Dictionary of Arguments

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Author Item Summary Meta data
Corr I 333
Agreeableness/Neurobiology: Agreeableness (…) appears to reflect a tendency toward the maintenance of social stability, encompassing traits reflecting prosociality vs. antisociality: compassion, empathy, cooperation, politeness – a general tendency to be interested in and considerate of others’ needs, desires and feelings and to refrain from aggressing or imposing one’s will on others. Such altruistic tendencies are of particular importance for social species, and traits resembling Agreeableness are found consistently in social mammals (Gosling and John 1999)(1).
Agreeableness seems likely to be supported by brain systems that are involved in social information-processing. Brain regions associated with these forms of social information-processing include the medial prefrontal cortex (Seitz, Nickel and Azari 2006)(2), superior temporal sulcus (Allison, Puce and McCarthy 2000)(3), temporal-parietal junction (Saxe and Powell 2006)(4), and the mirror neuron system that includes inferior frontal gyrus and rostral posterior parietal cortex (Iacoboni 2007(5); Rizzolatti and Craighero 2004)(6). (Mirror neurons respond similarly when watching another agent perform a task and when performing it oneself.)
Corr I 334
Agreeableness, like Neuroticism, has been associated with variation of the serotonin transporter gene (Canli and Lesch 2007(7); Jang, Hu, Livesley et al. 2001(8); Wand, McCaul, Yang et al. 2002)(9), but there are other endogenous psychoactive substances in addition to serotonin that may contribute to Agreeableness, including the socio-sexual neuropeptides oxytocin and vasopressin and the sex hormones testosterone and estrogen. Oxytocin is involved in social bonding (Depue and Morrone-Strupinsky 2005)(10), and acute administration of oxytocin in human males has been found to improve their ability to identify others’ emotional states from facial expressions (Domes, Heinrichs, Michel et al. 2007)(11). Testosterone is linked to aggression, and evidence exists to suggest that higher exposure to testosterone is linked to reduced Agreeableness.

1. Gosling, S. D. and John, O. P. 1999. Personality dimensions in nonhuman animals: a cross-species review, Current Directions in Psychological Science 8: 69–75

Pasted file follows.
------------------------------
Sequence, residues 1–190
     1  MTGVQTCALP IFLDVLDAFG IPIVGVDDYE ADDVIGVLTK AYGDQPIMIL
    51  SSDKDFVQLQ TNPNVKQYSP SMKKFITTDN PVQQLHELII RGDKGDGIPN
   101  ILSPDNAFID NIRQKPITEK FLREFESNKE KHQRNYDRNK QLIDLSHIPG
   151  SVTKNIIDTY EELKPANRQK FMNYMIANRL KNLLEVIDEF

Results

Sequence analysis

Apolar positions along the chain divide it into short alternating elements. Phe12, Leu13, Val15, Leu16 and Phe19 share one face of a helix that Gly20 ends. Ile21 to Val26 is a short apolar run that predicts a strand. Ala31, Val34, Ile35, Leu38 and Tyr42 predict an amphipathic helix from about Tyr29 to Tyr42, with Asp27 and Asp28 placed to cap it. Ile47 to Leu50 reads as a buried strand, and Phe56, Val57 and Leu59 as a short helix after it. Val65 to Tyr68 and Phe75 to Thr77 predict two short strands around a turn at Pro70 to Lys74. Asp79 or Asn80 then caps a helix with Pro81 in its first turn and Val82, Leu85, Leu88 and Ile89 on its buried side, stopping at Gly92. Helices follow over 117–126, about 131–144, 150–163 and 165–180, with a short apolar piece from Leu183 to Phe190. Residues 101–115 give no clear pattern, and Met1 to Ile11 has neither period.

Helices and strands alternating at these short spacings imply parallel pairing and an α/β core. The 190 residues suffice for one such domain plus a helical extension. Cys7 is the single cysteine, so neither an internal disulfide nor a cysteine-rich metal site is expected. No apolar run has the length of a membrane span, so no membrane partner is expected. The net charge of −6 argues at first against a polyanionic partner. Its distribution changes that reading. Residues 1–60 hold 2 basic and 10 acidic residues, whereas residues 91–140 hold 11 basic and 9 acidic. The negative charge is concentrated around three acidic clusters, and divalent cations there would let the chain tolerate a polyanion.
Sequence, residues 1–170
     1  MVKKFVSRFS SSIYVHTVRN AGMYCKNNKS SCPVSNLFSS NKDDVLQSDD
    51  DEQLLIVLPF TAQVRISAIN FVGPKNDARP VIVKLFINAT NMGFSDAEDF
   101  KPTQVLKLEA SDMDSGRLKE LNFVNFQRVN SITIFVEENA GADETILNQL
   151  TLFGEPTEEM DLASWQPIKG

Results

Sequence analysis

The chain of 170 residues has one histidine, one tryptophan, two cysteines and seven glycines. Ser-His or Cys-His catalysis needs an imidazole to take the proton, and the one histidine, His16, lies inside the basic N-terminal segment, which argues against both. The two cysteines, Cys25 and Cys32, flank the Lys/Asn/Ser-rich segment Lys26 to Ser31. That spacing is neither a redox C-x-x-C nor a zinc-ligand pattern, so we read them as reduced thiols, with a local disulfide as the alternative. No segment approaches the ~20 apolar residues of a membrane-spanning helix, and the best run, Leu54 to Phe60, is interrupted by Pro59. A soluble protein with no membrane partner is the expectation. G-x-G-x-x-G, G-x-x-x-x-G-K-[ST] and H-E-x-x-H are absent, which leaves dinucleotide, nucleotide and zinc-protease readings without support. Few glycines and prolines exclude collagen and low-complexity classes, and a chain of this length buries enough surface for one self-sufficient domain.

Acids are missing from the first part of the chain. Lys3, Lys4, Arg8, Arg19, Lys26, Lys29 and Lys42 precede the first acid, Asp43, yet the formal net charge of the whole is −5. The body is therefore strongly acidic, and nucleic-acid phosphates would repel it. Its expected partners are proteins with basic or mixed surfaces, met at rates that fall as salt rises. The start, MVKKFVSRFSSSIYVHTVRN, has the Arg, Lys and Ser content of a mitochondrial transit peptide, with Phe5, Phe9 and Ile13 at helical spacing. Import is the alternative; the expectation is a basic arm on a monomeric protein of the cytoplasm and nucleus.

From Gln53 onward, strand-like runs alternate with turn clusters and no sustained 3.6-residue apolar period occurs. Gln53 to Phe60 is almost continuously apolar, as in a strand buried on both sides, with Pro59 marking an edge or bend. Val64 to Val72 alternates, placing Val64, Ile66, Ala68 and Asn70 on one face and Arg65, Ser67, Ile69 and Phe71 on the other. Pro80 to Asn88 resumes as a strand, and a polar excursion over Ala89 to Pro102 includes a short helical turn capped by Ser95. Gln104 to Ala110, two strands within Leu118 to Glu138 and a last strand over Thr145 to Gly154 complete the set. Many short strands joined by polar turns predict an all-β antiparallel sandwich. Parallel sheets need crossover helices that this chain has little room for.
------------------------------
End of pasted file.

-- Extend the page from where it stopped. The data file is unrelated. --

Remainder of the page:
2. Seitz, R. J., Nickel, J. and Azari, N. P. 2006. Functional modularity of the medial prefrontal cortex: involvement in human empathy, Neuropsychology 20: 743–51
3. Allison, T., Puce, A. and McCarthy, G. 2000. Social perception from visual cues: role of the STS region, Trends in Cognitive Sciences 4: 267–78
4. Saxe, R. and Powell, L. J. 2006. It’s the thought that counts: specific brain regions for one component of theory of mind, Psychological Science 17: 692–9
5. Iacoboni, M. 2007. Face to face: the neural basis of social mirroring and empathy, Psychiatric Annals 37: 236–41
6. Rizzolatti, G. and Craighero, L. 2004. The mirror-neuron system, Annual Review of Neuroscience 27: 169–92
7. Canli, T. and Lesch, K.-P. 2007. Long story short: the serotonin transporter in emotion regulation and social cognition, Nature Neuroscience 10: 1103–9
8. Jang, K. L., Hu, S., Livesley, W. J., Angleitner, A., Riemann, R., Ando, J., Ono, Y., Vernon, P. A. and Hamer, D. J. 2001. Covariance structure of Neuroticism and Agreeableness: a twin and molecular genetic analysis of the role of the serotonin transporter gene, Journal of Personality and Social Psychology 81: 295–304
9. Wand, G. S., McCaul, M., Yang, X., Reynolds, J., Gotjen, D., Lee, S. and Ali, A. 2002. The mu-opioid receptor gene polymorphism (A118G) alters HPA axis activation induced by opioid receptor blockade, Neuropsychopharmacology 26: 106–14
10. Depue, R. A. and Morrone-Strupinsky, J. V. 2005. A neurobehavioural model of affiliative bonding: implications for conceptualizing a human trait of affiliation, Behavioural and Brain Sciences 28: 313–50
11. Domes, G., Heinrichs, M., Michel, A., Berger, C. and Herpertz, S. C. 2007. Oxytocin improves ‘mind-reading’ in humans, Biological Psychiatry 61: 731–3

Colin G. DeYoung and Jeremy R. Gray, „ Personality neuroscience: explaining individual differences in affect, behaviour and cognition“, in: Corr, Ph. J. & Matthews, G. (eds.) 2009. The Cambridge handbook of Personality Psychology. New York: Cambridge University Press

Explanation of symbols: Roman numerals indicate the source, arabic numerals indicate the page number. The corresponding books are indicated on the right hand side. ((s)…): Comment by the sender of the contribution.
The note [Author1]Vs[Author2] or [Author]Vs[term] is an addition from the Dictionary of Arguments. If a German edition is specified, the page numbers refer to this edition.
Corr I
Philip J. Corr
Gerald Matthews
The Cambridge Handbook of Personality Psychology New York 2009

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Ed. Martin Schulz, access date 2019-03-20
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